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If we chop a standard normal distribution in half and use only the positive side (scaled up by a factor of $2$ to maintain a proper density), then we get the so-called ‘half normal’ density:

$$f_X(x)=\sqrt{\frac{2}{\pi}}\exp(-\frac{1}{2}x^2),x>0$$

If $Z ∼ N(0, 1)$ then $|Z|$ has a half normal density.

How if $X$ is half normal and $S = ±1$ with probability half each, independently of $X$, then $Z = SX ∼ N(0, 1).$ $S ∼ U{(−1, +1)}$ to indicate that the distribution of $S$ is uniformly distributed over the finite set $\{−1, +1\}$?

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$S$ is either $+1$ or $-1$ with equal probabilities. So $SX$ gives you back the negative side of the original normal you had. And you would scale it down (in your words) by a factor of two, regaining the original standard normal random variable.

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  • $\begingroup$ Can't $S$ accept value between $-1$ and $1$ ? When we say $X\sim U(0,1)$, we mean $X$ can assume any value between $0$ and $1$ $\endgroup$ – ABC Sep 24 '13 at 1:11
  • $\begingroup$ From the problem description, $S$ is discrete and cannot take on any values except $-1$ and $+1.$ I agree the notation is confusing. Whoever wrote it should have been more careful. $\endgroup$ – soakley Sep 24 '13 at 3:10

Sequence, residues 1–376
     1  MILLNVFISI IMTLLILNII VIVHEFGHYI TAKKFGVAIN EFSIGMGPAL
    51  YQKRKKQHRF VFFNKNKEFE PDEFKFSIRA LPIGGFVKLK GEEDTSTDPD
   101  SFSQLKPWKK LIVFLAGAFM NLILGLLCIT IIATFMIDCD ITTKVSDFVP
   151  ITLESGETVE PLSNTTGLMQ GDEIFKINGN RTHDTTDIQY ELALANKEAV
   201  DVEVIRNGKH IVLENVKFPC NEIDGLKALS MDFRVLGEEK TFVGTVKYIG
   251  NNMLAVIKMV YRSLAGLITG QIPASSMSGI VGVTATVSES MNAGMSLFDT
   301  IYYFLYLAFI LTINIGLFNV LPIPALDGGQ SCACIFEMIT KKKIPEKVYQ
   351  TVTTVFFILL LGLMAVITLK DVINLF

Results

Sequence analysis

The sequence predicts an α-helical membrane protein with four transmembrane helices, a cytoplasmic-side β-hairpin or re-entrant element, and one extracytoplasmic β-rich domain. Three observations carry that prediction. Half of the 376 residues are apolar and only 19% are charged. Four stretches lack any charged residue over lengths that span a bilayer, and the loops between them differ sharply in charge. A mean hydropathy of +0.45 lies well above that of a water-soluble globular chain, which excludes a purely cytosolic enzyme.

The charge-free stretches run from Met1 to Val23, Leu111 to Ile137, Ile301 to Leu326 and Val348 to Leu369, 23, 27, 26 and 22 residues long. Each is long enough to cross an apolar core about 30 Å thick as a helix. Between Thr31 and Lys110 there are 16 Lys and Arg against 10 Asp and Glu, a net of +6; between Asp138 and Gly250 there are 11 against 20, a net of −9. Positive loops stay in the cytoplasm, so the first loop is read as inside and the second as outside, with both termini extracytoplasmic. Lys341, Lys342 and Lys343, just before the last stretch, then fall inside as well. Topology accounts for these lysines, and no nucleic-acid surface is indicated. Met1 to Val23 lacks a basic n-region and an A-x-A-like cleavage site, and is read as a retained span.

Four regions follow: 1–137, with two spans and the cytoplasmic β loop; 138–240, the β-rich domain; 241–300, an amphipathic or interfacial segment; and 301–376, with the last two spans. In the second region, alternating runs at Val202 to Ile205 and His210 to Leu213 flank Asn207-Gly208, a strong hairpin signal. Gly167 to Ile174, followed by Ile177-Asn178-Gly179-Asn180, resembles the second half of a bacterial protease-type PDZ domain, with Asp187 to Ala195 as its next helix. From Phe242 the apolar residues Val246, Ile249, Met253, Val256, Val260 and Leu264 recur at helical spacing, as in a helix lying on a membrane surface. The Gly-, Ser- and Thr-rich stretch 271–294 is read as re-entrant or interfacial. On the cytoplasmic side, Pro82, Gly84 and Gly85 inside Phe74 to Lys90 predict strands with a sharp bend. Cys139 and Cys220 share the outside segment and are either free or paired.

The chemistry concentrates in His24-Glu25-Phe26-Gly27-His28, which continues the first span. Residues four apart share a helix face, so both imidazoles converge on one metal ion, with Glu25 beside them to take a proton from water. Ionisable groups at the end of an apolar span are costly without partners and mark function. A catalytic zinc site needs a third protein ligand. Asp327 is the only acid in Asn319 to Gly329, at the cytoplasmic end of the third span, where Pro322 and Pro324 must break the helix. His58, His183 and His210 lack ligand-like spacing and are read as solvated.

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I will derive the mean and variance, and leave the distribution to you. Define $I\{S=1\}\equiv I_1$ for simplicity, to be the indicator function taking the value $1$ when $S=1$ and the value $0$ when $S=-1$. Note also that when $S=1 \Rightarrow Z = X$ and when $S=-1 \Rightarrow Z = -X$. Combining we can re-write the functional form of $Z$ as

$$Z= XI_1 - X(1-I_1) = X(2I_1-1)$$

Then, given also independence between $X$ and $S$ $$E(Z) = E\left(X(2I_1-1)\right) = E(X)E(2I_1-1) = \sqrt{\frac{2}{\pi}}\cdot(2E(I_1)-1)$$

and by the properties of indicator function, $E(I_1) = P(S=1) = 1/2$ we get

$$E(Z) = \sqrt{\frac{2}{\pi}}\cdot(2\frac 12-1) = 0$$

For the variance we have, since the mean is zero,

$$ \text {Var}(Z) = E(Z^2) = E\left(X^2(2I_1-1)^2\right) = E\left(X^2\right)E\left(4I_1^2 - 4I_1+1\right)$$

Now $$\text {Var}(X) = E(X^2) - \left[E(X)\right]^2 \Rightarrow E(X^2) = \text {Var}(X) + \left[E(X)\right]^2 = 1-\frac {2}{\pi} + \frac {2}{\pi} = 1$$

So $$ \text {Var}(Z) = 1\cdot E\left(4I_1^2 - 4I_1+1\right)= 4E\left(I_1^2\right) - 4P(S=1)+1 = 4E\left(I_1^2\right) - 1$$

By the properties of the product of the indicator function, $I_1^2= I_1\cdot I_1 = \min \{I_1,I_1\} = I_1$

So

$$\text {Var}(Z) = 4E\left(I_1\right) - 1 = 4P(S=1) - 1 = 2 - 1 = 1$$

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